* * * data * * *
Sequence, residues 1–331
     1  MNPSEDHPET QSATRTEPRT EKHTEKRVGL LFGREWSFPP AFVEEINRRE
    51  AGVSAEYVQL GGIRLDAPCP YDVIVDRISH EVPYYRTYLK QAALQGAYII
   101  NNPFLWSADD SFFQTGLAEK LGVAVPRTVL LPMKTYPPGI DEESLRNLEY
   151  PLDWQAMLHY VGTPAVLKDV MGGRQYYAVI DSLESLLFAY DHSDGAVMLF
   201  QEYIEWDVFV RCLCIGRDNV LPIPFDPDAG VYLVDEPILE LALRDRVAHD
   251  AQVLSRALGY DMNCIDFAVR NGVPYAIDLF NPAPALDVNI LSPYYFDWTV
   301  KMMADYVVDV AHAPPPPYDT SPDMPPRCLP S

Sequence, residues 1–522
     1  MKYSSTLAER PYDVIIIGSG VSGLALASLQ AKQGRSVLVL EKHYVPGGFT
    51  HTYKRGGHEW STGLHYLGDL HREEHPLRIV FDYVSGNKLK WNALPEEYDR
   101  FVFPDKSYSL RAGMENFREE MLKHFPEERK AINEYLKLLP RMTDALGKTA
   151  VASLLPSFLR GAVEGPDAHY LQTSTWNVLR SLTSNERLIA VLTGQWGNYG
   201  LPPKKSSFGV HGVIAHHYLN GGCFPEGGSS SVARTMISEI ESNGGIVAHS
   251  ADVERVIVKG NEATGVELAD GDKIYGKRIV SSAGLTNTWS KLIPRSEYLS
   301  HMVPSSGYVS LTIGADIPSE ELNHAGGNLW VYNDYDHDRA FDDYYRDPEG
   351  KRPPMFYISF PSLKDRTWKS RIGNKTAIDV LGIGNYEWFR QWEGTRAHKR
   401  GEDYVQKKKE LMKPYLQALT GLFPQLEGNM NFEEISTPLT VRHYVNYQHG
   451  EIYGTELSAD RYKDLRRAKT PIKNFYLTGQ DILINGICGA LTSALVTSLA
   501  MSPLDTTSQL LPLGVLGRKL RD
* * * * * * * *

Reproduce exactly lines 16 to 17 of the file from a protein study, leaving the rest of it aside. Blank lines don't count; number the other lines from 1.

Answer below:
   301  HMVPSSGYVS LTIGADIPSE ELNHAGGNLW VYNDYDHDRA FDDYYRDPEG
   351  KRPPMFYISF PSLKDRTWKS RIGNKTAIDV LGIGNYEWFR QWEGTRAHKR